Looking for a vacation spot that’s affordable, yet effortlessly cool? Look no further than Mexico City — our #1 Trending Destination for 2019. With a 73% increase in KAYAK searches, more and more travelers are discovering the charms of this colorful and cultural hot spot.
Whether you’re in it for the flavorful cuisine found in four-star restaurants and streetside stalls alike, the vibrant music and nightlife, or the favorable exchange rate and affordable flights (the average price for a round-trip flight from the U.S. is $268), there’s no time like the present to see it all for yourself.
Read on for everything you should know before planning a trip to Mexico City. From when to book to how to get around to what to do, we have the info you need to travel with confidence.
What’s in This Guide
Plan Your Trip
Flights & Hotels
Check out personalized insights from your home airport to Mexico City, such as median airfare, when to book a flight and what qualifies as a good deal.
When to visit
There’s no bad time to visit Mexico City with year-round temperatures averaging 75 degrees and plenty to fill your calendar each month. But depending on what’s important to you, there are some months that may be better than others. If cost is a concern, travel during winter (with the exception of December, which sees a surge in interest) — average temperatures are still in the 50s so no need to pack your winter coat.
The rainy season runs from June to September, but later in the fall is the sweet spot between low prices, great weather and some of the coolest experiences. Travel at the start of the November to take part in the Day of the Dead festivities if you can, or keep an eye on the dates for Cerveza Mexico, an annual beer fest in fall, which showcases craft breweries from all over the country.
How to get to the city from the airport
Benito Juárez International Airport, more commonly referred to as Mexico City International Airport (MXC), is the most popular entry point for visitors and is located about 8 miles east of central Mexico City. Travel time can vary based on traffic, but there are a few quick and convenient ways to make the trip. The Metro is cheap and may even be faster than a taxi or rideshare, especially during rush hour. (However, you may not be allowed on with large luggage.) The metro station Terminal Aerea is served by Line 5, running from Pantitlán to Politécnico, and is represented by the color yellow. The station is located just a few minutes walk from Terminal 1.
For the quickest and easiest commute, use rideshare. Uber operates in Mexico City and can be called when you’re ready to head outside from baggage claim. Provide the driver with your terminal and door number and they’ll meet you curbside. Fares start around MX$85 (less than $5). Metered taxis are also available, but if you don’t speak Spanish and want a bit more security, avoid hailing cabs and instead find one at designated taxi stands or through the popular Easy Taxi app.
Good to know
- Uber is your best bet for getting around. Uber is more affordable than regular taxis and more easy to navigate for non-Spanish speakers. Many drivers won’t speak much English, but with Uber they will have your destination and information available to them through the app, all rides are tracked and payment is handled electronically. However you choose to get around, avoid travel at rush hour if you can since traffic can be extreme.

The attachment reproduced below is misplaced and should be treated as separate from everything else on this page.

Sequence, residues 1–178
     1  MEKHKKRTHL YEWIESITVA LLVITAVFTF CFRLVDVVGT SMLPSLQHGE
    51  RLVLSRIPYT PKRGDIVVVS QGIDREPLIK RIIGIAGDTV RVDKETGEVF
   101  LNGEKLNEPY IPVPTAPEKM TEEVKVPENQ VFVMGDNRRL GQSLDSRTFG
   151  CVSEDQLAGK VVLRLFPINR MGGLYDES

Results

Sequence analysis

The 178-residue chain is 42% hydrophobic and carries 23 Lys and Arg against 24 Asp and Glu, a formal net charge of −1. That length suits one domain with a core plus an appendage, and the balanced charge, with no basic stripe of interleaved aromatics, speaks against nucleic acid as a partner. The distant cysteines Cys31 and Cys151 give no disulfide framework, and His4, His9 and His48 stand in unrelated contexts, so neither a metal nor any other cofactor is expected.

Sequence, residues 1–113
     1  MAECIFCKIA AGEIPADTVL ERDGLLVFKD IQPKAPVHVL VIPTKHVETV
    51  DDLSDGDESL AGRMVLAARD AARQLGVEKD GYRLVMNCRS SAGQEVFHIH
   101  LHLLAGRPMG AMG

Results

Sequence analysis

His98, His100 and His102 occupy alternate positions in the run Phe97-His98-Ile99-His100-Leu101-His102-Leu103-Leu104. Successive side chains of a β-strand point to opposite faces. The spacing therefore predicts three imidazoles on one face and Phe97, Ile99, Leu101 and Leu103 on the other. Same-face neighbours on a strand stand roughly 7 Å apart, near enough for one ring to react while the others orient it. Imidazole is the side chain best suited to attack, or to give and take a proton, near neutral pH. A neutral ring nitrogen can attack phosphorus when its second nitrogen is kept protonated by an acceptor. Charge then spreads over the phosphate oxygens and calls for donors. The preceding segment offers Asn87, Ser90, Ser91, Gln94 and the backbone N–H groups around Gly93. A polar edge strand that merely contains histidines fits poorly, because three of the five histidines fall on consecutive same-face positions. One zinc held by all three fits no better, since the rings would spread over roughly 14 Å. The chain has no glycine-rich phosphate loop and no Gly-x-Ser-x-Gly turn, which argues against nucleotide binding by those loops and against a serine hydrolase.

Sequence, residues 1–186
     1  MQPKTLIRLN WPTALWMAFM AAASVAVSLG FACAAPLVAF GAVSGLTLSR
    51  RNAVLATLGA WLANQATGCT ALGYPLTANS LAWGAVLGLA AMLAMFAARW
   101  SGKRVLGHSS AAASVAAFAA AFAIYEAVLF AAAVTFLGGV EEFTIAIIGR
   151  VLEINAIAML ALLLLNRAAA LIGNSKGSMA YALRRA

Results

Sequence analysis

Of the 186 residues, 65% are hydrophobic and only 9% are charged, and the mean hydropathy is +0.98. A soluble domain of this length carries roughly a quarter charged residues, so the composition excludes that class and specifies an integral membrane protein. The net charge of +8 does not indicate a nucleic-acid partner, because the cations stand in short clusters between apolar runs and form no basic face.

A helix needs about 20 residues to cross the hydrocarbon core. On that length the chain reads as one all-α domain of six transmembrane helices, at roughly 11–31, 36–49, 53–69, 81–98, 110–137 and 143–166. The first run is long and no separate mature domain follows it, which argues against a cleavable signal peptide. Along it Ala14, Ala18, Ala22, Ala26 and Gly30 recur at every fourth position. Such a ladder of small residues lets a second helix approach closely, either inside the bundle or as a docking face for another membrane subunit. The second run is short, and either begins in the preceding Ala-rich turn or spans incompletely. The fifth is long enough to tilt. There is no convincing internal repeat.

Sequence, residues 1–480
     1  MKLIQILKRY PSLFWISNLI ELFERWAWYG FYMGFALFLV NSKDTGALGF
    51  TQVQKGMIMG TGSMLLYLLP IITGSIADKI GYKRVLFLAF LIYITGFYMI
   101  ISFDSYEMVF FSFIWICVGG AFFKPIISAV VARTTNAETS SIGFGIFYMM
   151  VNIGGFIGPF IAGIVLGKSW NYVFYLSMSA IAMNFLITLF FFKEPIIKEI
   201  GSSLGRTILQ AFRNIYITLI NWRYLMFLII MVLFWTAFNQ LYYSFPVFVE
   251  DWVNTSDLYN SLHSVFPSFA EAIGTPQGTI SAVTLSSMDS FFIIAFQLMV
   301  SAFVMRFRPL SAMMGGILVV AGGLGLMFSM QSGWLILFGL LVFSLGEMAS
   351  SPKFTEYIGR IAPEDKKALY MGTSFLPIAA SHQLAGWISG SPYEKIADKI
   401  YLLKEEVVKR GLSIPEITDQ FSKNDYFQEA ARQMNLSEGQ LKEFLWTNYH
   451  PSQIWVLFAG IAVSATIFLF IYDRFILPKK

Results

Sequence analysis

- On your first day, take out more cash than you think you’ll need at the ATM to avoid paying multiple fees. Cash is king in Mexico City and you’ll need it for most transactions. Plus, it’s one of the rare circumstances where exchanging your spare pesos back to USD at the airport will actually benefit you in terms of the exchange rate.
- Drink plenty of (bottled) water. Mexico City is 7,200 feet above sea level and the high altitude can take some adjustment. Hydrating is one of the best ways to counteract the effects. But, as you’ve probably heard or seen comically portrayed in movies, drinking from the tap may make you sick, so sticking to bottled water is your best bet.
- Make dinner reservations a few days in advance (or weeks in advance for more popular restaurants), but always leave room for street food.
On the ground costs in Mexico City are extremely affordable. On average from the US, round-trip flights can be less than $300. The currency is the peso and the exchange rate is favorable — one U.S. dollar is equal to almost 20 pesos. Tipping around 10-15% at restaurants and bars is customary (just leave money on the table or bar), but tipping is not expected for street food or when riding in metered taxis.
While knowing some Spanish can be helpful, Mexican Spanish features some slang you may not be familiar with. Here are some words that may come in handy.
Güey (Pronounced and sometimes spelled “wey”): Mate, dude or any reference to a person without using their name. If you only remember one term, this is it.
Carnal: Close friend
¿Mande?: What did you say?/Pardon me. Used when you’d like someone to repeat something you didn’t hear or understand the first time.
Fresa: Literally means “strawberry,” but in Mexican Spanish it can also be used to describe someone as stuck up or snobby.
¡Aguas!’: Be careful/Watch out
¿Qué onda?: What’s up?
Based on median airfare, if you’re looking to find a flight deal, here’s what you need to know: February sees the lowest median airfare from the U.S. ($278) and December is generally the most expensive time to visit (median airfare $439) because of the holidays. We found that booking 6 months ahead could get you some of the best deals on flights (median airfare: $319). Prices may go up slightly after that, but there are also some deals to be had for last-minute travel if you book one month ahead (median airfare: $320).
*Median airfare by month is based on travel dates 03/01/2018 – 02/28/19 and search dates 10/25/2017 – 10/24/2018. All coach, round-trip flights originating in the U.S. during this search period were considered. Our when to book recommendation was based on median airfare as a function of months before departure for travel dates 03/01/2018 – 02/28/19 and search dates 10/25/2017 – 10/24/2018.
Where to Go & What to Do
Note: Check out this map to see the city’s neighborhoods.